Have you ever wondered why some of the otherwise sensible people sometimes make illogical and insanely irrational decisions, get angry at colleagues or family members, splurge on unnecessary stuff, or do something which they know is not correct?
A few weeks ago, I came across an article published by John Tierney in New York Times in 2011, where he comprehensively answered this question that I had in my mind since a long time. The article goes as follows:
Three men doing time in Israeli prisons recently appeared before a parole board consisting of a judge, a criminologist and a social worker. The three prisoners had completed at least two-thirds of their sentences, but the parole board granted freedom to only one of them. Guess which one:
Case 1 (heard at 8:50 a.m.): An Arab Israeli serving a 30-month sentence for fraud.
Case 2 (heard at 3:10 p.m.): A Jewish Israeli serving a 16-month sentence for assault.
Case 3 (heard at 4:25 p.m.): An Arab Israeli serving a 30-month sentence for fraud.
There was a pattern to the parole board’s decisions, but it wasn’t related to the men’s ethnic backgrounds, crimes or sentences. It was all about timing, as researchers discovered by analyzing more than 1,100 decisions over the course of a year. Judges, who would hear the prisoners’ appeals and then get advice from the other members of the board, approved parole in about a third of the cases, but the probability of being paroled fluctuated wildly throughout the day. Prisoners who appeared early in the morning received parole about 70 percent of the time, while those who appeared late in the day were paroled less than 10 percent of the time.
The odds favored the prisoner who appeared at 8:50 a.m. — and he did in fact receive parole. But even though the other Arab Israeli prisoner was serving the same sentence for the same crime — fraud — the odds were against him when he appeared (on a different day) at 4:25 in the afternoon. He was denied parole, as was the Jewish Israeli prisoner at 3:10 p.m, whose sentence was shorter than that of the man who was released. They were just asking for parole at the wrong time of day.
The point John has made here is that – As you make decisions throughout the day, you eventually become worn down. You feel frazzled, and start to look for shortcuts. Eg.: Eating a fast food meal rather than taking the time to prepare something healthy. Another possible outcome here is – ending up doing nothing.
Wikipedia defines this phenomenon as decision fatigue.
What has willpower got to do with decision fatigue?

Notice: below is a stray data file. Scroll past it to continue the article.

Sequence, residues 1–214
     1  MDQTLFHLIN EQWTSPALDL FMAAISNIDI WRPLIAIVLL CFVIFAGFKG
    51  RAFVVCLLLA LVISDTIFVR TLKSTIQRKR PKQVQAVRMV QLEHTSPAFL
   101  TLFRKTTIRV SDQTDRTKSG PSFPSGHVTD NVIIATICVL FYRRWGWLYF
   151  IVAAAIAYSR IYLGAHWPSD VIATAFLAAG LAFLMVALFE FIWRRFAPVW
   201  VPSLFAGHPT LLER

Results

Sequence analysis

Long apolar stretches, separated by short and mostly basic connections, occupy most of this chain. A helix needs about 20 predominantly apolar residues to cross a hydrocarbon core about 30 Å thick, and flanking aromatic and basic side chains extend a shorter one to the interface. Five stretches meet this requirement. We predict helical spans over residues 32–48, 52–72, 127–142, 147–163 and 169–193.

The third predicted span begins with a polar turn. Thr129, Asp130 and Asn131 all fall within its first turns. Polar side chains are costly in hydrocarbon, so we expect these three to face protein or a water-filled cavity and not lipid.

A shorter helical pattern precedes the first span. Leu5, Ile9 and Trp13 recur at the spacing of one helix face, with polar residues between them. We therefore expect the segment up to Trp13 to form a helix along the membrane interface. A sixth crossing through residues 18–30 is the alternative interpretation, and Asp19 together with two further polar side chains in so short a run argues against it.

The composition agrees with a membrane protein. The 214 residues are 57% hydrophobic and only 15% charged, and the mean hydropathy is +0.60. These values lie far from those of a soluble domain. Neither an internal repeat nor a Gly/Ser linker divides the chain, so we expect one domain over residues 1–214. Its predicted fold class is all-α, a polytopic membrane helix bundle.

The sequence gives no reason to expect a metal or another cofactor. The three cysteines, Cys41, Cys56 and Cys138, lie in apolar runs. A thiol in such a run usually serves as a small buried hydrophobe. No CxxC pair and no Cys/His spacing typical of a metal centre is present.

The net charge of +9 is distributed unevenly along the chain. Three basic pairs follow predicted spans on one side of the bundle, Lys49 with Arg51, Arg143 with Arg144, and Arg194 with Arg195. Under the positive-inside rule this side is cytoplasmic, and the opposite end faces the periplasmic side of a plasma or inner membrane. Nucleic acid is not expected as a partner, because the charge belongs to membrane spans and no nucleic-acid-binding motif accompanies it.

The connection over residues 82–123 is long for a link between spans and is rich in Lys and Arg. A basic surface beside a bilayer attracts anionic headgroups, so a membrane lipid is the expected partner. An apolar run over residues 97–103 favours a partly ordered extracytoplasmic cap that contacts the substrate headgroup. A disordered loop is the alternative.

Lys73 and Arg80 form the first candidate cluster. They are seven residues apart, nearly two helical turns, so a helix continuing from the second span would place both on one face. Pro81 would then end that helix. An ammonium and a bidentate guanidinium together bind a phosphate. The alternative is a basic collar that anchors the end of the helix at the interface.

You need willpower to make and implement your decisions. Stanford University psychologist Kelly McGonigal says that exerting willpower requires the brain to use a lot of energy in the form of glucose, which it may not have if you are hungry or not able to metabolize glucose as efficiently, due to lack to sleep or excessive stress. So, as the day passes, your glucose levels keep decreasing, especially in the case of a decision-heavy day.
In short, willpower is not something you can call on will. Gary Keller in his book – ‘The One Thing‘ has said that the more you exert your willpower, the faster its reserves will get depleted. And, when the willpower reserves are nearing depletion, you experience decision fatigue. At this stage, you experience brain damage in the areas you need to have self-control, and you turn into the worst version of yourself – snapping at your colleagues and family members, making irrationally wild decisions, and so on.
But the good news is that the willpower reserves are renewable. How? Consuming food and taking adequate sleep/rest at regular intervals.
Now, how to make the most out of your willpower and overcome decision fatigue?
Too many choices make you feel overwhelmed, causing you to make bad choices or shut down and do nothing. Develop a daily routine and follow it religiously. Following a routine limits the number of decisions you have to make as the things to be done are already queued. Resultant, it increases your odds of doing the right thing.
Now that you know that your willpower is at its effective best right after you’ve taken a break (i.e., after taking adequate rest, sleep and/or food), schedule your tasks accordingly. In other words, schedule the most important tasks when your willpower is at its peak.
If your job is such that you need to make important decisions throughout the day, then it is imperative for you to eat healthy, balanced meals throughout the day, and take adequate rest/sleep at regular intervals. Downtime isn’t an act of laziness, it is merely an act of refueling your willpower reserves so that you perform better.
The power of human will is infinite. Defeat your decision fatigue and apply your willpower to overcome apathy, doubt and fear with regard to the things that matter to you the most!